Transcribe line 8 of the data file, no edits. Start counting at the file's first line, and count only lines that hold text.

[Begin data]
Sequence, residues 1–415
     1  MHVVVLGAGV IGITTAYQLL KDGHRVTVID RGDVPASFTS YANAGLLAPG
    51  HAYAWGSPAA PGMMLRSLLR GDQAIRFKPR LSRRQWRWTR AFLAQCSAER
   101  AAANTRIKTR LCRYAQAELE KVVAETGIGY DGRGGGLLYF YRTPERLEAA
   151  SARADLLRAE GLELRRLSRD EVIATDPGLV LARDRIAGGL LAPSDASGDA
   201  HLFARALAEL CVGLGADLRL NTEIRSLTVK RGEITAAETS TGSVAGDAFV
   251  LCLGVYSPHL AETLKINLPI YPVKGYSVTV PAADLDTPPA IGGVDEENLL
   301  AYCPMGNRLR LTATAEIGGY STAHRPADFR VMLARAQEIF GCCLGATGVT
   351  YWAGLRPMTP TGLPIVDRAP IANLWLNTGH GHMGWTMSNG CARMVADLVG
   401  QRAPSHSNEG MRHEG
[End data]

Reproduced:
   301  AYCPMGNRLR LTATAEIGGY STAHRPADFR VMLARAQEIF GCCLGATGVT